Posted by: eriks | April 2, 2008 3:45 PM | Report abuse

For the last time, HILLARY DID NOT WIN TEXAS.

Please stop perpetuating this lie.

Posted by: jessmath | April 2, 2008 3:45 PM | Report abuse

Here are the latest poll results.

The bottom line is that despite all his supporter's bragging and gloating, Obama can't win nationally.

He's lost the votes of "Typical White People" and he's not going to get them back.

Obama supporters want everyone to believe that nobody cares that he went to a racist anti-semitic church for 20 years and chose the guy who gave the "God damm America" speech as his "spiritual advisor"

The're wrong.

WASHINGTON (Reuters) - Democratic presidential contender Hillary Clinton holds a 9-point lead over rival Barack Obama among likely Pennsylvania Democratic primary voters ahead of the state's April 22 primary, according to a Quinnipiac University poll released on Wednesday.

Clinton, a New York senator who would be the first female president, leads the Illinois senator 50 percent to 41 percent, the poll found. She also runs better against the likely Republican nominee, Sen. John McCain, in Pennsylvania, Florida and Ohio -- all important swing states in the general election.

In a general election matchup in Florida, McCain closely trails Clinton 42 percent to 44 percent but McCain leads Obama, who would be the first black president, 46 percent to 37 percent, according to the poll.

"The difference between Clinton and Obama in Florida is the white vote," said Peter Brown of the Quinnipiac University Polling Institute.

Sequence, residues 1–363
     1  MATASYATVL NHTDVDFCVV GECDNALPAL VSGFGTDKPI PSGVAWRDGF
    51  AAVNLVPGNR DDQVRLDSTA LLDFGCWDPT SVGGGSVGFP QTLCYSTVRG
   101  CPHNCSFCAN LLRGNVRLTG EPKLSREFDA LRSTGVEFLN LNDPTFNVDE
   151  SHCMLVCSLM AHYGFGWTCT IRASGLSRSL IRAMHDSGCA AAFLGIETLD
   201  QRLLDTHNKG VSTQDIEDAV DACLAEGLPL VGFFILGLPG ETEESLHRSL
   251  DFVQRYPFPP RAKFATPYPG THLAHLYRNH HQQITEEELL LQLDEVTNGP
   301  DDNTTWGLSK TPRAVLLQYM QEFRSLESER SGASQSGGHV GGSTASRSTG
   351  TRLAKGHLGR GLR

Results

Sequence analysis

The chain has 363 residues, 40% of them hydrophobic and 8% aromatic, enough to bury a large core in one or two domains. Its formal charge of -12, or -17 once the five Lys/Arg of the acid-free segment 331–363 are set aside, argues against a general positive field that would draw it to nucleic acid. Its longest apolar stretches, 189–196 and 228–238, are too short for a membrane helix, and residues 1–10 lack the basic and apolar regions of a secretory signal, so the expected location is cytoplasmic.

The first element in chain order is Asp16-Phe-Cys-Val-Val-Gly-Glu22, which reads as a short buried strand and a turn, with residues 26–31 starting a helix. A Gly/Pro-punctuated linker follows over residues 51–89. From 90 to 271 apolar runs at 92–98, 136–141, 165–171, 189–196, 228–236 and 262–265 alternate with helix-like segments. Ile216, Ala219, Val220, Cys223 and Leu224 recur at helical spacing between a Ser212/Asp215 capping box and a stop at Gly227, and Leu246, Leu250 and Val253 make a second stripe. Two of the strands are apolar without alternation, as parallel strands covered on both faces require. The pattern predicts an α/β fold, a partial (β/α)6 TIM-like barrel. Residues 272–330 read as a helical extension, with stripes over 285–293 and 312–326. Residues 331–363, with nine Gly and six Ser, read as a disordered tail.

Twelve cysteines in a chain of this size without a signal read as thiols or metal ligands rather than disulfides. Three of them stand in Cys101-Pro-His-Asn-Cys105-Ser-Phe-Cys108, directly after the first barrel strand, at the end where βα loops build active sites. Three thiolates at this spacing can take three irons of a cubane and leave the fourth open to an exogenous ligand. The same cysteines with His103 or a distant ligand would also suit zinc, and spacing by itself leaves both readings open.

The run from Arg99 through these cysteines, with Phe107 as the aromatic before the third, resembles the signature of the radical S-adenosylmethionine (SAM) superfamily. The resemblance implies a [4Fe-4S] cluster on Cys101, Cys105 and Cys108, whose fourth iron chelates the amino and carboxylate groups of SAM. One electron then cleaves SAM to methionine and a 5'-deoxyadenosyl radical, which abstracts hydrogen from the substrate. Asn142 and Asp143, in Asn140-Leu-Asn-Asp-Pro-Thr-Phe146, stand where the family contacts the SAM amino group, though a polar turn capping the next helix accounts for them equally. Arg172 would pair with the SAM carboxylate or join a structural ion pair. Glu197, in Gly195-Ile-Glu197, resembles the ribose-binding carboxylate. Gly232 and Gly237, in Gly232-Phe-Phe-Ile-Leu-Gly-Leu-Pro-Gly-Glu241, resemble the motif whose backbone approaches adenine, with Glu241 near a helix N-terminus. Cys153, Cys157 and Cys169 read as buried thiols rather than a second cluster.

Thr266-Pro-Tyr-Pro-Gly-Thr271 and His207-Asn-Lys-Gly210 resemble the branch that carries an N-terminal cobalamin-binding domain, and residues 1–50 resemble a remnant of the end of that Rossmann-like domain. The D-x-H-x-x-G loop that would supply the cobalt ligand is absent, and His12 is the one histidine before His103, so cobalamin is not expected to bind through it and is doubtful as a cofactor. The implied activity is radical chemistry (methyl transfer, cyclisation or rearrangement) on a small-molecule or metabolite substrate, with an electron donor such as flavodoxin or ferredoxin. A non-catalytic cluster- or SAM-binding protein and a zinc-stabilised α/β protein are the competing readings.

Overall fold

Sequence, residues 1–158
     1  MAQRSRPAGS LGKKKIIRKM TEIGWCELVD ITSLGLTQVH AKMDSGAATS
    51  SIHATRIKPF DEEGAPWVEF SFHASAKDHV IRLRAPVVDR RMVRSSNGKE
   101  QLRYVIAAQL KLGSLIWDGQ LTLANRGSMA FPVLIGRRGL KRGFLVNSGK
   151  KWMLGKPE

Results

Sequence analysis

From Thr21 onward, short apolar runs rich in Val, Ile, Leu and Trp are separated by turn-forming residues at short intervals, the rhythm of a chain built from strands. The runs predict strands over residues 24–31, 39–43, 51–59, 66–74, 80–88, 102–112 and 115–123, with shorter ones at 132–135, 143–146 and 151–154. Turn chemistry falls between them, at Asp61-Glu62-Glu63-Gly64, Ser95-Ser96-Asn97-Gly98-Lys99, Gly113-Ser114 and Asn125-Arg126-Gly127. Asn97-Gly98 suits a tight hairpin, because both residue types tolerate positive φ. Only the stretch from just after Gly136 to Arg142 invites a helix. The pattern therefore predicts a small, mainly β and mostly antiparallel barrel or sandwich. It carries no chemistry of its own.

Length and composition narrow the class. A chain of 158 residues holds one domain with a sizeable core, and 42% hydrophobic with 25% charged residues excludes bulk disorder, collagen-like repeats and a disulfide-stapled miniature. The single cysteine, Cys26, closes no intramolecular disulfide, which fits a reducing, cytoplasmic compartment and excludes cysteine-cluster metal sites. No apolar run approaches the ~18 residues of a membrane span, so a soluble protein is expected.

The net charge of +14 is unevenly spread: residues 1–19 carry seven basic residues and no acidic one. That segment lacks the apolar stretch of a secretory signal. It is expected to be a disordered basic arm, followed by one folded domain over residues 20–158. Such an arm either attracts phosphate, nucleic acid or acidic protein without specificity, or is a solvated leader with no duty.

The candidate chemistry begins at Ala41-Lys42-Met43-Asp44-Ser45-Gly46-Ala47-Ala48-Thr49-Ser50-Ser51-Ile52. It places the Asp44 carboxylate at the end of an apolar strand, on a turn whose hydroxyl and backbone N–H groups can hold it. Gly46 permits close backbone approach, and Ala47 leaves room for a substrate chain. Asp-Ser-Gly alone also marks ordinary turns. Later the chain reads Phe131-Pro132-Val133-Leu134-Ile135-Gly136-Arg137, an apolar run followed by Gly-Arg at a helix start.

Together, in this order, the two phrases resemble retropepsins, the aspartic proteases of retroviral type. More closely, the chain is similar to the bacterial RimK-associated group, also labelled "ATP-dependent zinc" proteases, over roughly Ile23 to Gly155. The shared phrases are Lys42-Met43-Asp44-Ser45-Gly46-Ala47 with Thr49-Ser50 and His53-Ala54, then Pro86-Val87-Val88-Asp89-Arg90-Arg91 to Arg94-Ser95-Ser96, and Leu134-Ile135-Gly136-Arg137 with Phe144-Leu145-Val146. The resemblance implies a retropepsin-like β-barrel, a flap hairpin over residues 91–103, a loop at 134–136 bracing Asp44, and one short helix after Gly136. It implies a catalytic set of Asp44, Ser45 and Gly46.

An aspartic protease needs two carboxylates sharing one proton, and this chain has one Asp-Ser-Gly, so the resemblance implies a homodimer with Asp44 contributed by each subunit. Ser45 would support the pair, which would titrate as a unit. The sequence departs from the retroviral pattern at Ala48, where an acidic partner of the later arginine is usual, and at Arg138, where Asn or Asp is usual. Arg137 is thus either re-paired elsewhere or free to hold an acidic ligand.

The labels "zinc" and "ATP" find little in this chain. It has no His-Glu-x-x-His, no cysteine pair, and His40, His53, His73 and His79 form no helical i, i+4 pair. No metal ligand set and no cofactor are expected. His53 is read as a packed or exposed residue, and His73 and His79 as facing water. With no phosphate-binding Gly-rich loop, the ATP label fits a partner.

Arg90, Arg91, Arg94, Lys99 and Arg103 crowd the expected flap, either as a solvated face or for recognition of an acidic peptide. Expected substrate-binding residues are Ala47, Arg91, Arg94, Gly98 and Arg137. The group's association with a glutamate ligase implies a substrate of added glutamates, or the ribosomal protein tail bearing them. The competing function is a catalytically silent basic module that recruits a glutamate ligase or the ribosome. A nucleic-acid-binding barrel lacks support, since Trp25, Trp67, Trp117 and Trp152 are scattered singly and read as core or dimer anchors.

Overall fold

In Ohio, Clinton has a 48 to 39 percent lead over McCain after months of too-close-to-call results, the poll found. In an Obama-McCain matchup, Obama gets 43 percent against 42 percent for McCain.

In Pennsylvania, Clinton tops McCain 48 to 40 percent and Obama leads the Arizona senator 43 percent to 39 percent.

Among Pennsylvania Democrats, Clinton leads 54 to 37 percent with women and ties Obama with men at 46 percent support.

The primary vote between Clinton and Obama splits sharply along racial lines.

Clinton leads 59 to 34 percent among white Pennsylvania likely primary voters while Obama leads 73 to 11 percent among black Democrats, the poll found.

Roughly 44 percent of people in all three states said the economy was the most important issue in their vote, while about a quarter of respondents said the war in Iraq is most important.

"The economic concerns of voters make Ohio a tougher challenge for McCain than has traditionally been the case for Republicans, who have never won the White House without carrying Ohio," Brown said. "But Obama's weakness among white men is an indication that he has not yet closed the sale among the lunch bucket brigade."

The poll was conducted March 24 through 31. Quinnipiac surveyed 1,135 Florida voters with a margin of error of plus or minus 2.9 percent; 1,238 Ohio voters with a margin of error of plus or minus 2.8 percent; 3,484 Pennsylvania voters with a margin of error of plus or minus 1.7 percent including 1,549 Democratic likely voters with a margin of error of plus or minus 2.5 percent.

Posted by: svreader | April 2, 2008 3:44 PM | Report abuse

I just read the polls. Pollingreport.com